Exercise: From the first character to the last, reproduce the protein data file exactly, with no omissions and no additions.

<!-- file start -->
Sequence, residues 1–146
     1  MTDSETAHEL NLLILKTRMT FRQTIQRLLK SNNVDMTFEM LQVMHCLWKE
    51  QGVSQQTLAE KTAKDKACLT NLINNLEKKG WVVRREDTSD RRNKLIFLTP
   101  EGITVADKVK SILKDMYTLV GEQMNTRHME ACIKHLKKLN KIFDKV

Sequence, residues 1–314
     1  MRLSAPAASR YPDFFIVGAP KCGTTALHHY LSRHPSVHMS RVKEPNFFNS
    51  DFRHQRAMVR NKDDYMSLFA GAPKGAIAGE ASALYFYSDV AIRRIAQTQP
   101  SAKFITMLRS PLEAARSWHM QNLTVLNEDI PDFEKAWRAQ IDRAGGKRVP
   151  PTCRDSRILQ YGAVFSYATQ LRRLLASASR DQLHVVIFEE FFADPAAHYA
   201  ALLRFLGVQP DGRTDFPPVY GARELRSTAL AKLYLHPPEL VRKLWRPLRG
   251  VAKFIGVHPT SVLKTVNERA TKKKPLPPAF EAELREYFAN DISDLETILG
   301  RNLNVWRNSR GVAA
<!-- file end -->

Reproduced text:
Sequence, residues 1–146
     1  MTDSETAHEL NLLILKTRMT FRQTIQRLLK SNNVDMTFEM LQVMHCLWKE
    51  QGVSQQTLAE KTAKDKACLT NLINNLEKKG WVVRREDTSD RRNKLIFLTP
   101  EGITVADKVK SILKDMYTLV GEQMNTRHME ACIKHLKKLN KIFDKV

Sequence, residues 1–314
     1  MRLSAPAASR YPDFFIVGAP KCGTTALHHY LSRHPSVHMS RVKEPNFFNS
    51  DFRHQRAMVR NKDDYMSLFA GAPKGAIAGE ASALYFYSDV AIRRIAQTQP
   101  SAKFITMLRS PLEAARSWHM QNLTVLNEDI PDFEKAWRAQ IDRAGGKRVP
   151  PTCRDSRILQ YGAVFSYATQ LRRLLASASR DQLHVVIFEE FFADPAAHYA
   201  ALLRFLGVQP DGRTDFPPVY GARELRSTAL AKLYLHPPEL VRKLWRPLRG
   251  VAKFIGVHPT SVLKTVNERA TKKKPLPPAF EAELREYFAN DISDLETILG
   301  RNLNVWRNSR GVAA